Amid the rush for masks with the coronavirus, we’ve found that some people are wearing masks the wrong way round! But does wearing surgical masks the wrong way round affect their ability to capture viruses?
Some online sources claim it doesn’t matter, like this one.
Surgical masks are made up of 3 layers, and there is a specific way to wear them: with the colored, rough-textured side out.
But does the direction you wear it actually affect its ability to capture viruses? Smart Air tested sub-micron particle capture to see whether the orientation of a surgical mask really affects performance.
Testing Surgical Mask Efficiency from Both Sides
To test the surgical masks, we used the same wind tunnel setup that was used for our homemade mask materials tests. In that setup, a fan on one side of a wind tunnel pushes air through the mask on the other end. There, a Met One GT-521 laser particle counter measures how many particles penetrate the mask.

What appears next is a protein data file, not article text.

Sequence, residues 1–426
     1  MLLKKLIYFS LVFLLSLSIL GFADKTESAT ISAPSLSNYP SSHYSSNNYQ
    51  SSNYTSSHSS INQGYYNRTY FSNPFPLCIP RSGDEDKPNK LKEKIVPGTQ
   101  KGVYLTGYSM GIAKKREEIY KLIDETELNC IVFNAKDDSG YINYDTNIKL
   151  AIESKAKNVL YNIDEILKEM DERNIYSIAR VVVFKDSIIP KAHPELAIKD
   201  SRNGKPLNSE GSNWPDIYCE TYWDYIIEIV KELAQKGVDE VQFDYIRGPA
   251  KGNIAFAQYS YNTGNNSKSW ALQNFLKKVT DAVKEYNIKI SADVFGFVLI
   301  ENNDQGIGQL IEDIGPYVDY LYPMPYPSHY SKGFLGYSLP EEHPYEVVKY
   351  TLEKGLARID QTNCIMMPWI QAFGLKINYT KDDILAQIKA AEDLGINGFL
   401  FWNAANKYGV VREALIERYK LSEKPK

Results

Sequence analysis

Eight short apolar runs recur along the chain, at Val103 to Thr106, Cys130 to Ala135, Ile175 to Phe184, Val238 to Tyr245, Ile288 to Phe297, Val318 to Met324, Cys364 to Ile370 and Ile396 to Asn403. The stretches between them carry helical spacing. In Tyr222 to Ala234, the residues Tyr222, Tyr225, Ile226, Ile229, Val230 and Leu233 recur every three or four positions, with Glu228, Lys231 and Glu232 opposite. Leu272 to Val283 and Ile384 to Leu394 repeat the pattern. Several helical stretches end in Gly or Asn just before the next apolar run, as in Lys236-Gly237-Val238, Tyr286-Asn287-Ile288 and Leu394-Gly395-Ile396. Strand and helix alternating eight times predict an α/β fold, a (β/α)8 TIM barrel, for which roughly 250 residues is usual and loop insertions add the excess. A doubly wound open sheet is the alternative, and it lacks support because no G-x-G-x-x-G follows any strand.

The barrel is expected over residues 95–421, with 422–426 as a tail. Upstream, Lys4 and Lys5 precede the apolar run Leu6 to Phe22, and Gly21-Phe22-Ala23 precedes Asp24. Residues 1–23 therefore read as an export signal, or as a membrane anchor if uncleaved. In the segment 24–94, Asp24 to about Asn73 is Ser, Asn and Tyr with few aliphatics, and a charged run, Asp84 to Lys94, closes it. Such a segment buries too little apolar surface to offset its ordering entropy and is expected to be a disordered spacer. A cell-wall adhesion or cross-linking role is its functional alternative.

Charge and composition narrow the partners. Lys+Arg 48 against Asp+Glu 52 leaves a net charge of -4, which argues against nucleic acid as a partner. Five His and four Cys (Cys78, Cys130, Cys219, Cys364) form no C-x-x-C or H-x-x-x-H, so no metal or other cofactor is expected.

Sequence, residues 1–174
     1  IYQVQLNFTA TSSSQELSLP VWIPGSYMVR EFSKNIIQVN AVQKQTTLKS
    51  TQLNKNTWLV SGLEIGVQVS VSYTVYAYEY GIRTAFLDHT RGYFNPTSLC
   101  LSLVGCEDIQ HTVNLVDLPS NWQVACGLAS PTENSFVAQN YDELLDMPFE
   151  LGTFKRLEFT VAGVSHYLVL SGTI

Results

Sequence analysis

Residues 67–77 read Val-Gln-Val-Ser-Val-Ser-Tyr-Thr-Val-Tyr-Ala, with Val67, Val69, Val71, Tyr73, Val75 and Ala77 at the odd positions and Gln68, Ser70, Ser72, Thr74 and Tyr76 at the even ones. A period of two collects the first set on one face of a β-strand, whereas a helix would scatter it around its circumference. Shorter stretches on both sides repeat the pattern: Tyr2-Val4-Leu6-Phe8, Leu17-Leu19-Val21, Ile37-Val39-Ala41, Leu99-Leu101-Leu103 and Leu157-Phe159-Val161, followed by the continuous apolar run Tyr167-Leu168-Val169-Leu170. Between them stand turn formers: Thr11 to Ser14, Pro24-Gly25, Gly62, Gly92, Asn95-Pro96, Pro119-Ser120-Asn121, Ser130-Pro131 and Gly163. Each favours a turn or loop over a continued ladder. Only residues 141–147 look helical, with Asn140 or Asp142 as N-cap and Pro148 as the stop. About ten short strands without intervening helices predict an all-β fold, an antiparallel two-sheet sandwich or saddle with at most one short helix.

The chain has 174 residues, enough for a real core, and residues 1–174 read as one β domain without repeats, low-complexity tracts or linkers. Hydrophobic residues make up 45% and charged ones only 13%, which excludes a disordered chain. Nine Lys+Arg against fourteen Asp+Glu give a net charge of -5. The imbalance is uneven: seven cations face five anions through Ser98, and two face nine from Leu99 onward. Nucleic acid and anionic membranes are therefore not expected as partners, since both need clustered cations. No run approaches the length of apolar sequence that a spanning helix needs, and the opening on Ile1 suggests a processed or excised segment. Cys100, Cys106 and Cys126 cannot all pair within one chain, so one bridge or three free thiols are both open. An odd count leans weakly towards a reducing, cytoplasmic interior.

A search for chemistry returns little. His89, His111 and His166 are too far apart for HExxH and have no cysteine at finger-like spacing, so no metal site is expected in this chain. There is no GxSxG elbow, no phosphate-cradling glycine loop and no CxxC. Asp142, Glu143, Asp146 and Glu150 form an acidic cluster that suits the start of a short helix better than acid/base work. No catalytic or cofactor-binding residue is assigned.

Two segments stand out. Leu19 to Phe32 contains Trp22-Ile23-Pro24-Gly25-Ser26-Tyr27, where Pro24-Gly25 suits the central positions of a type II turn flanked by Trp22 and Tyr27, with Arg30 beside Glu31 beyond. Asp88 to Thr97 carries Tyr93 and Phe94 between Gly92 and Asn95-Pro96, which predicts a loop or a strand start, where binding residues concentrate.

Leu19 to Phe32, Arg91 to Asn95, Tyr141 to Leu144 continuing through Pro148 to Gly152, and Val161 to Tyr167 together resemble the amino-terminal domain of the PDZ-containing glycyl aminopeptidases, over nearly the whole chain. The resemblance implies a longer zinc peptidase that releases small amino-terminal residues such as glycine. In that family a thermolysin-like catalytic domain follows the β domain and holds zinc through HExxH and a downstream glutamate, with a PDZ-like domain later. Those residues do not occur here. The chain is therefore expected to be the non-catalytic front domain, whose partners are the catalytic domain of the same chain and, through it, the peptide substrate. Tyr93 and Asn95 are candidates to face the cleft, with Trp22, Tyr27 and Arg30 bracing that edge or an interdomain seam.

We tested the blue side and white side of four surgical masks.
We measured what percentage of particles 0.3 microns and above they could capture. Although the new coronavirus is 0.12 microns on average, scientists sampled air in hospitals and found that SARS-CoV-2 sometimes travels on aerosols from 0.25-0.50 microns.
Surgical Mask Blue vs. White Side Results
Across four masks, putting the mask in the correct direction improved particle capture by 1.7% on average. On one mask model, the improvement was nearly 3%.
Although these numbers are pretty small, wearing the mask the right way will increase its effectiveness at capturing virus-sized particles.
Remember: Rough Blue Side Out, Soft White Side In
This data backs up the claim that the colored side of surgical masks (typically blue or green) should face out. The softer white layer should face in.